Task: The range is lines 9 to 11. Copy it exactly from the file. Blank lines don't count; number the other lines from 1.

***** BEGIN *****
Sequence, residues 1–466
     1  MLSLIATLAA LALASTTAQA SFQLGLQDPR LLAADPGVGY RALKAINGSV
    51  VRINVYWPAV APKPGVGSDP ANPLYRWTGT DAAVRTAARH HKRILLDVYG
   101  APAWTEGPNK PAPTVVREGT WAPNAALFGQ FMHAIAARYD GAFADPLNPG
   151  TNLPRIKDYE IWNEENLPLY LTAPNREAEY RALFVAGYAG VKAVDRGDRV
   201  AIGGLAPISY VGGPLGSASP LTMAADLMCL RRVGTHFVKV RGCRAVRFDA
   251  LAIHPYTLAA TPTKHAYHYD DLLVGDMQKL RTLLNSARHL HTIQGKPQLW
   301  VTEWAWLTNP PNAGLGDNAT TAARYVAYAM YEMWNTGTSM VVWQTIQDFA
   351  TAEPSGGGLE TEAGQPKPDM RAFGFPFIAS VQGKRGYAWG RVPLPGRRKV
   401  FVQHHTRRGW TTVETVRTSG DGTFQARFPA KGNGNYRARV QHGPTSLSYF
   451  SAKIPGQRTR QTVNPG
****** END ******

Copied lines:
   351  TAEPSGGGLE TEAGQPKPDM RAFGFPFIAS VQGKRGYAWG RVPLPGRRKV
   401  FVQHHTRRGW TTVETVRTSG DGTFQARFPA KGNGNYRARV QHGPTSLSYF
   451  SAKIPGQRTR QTVNPG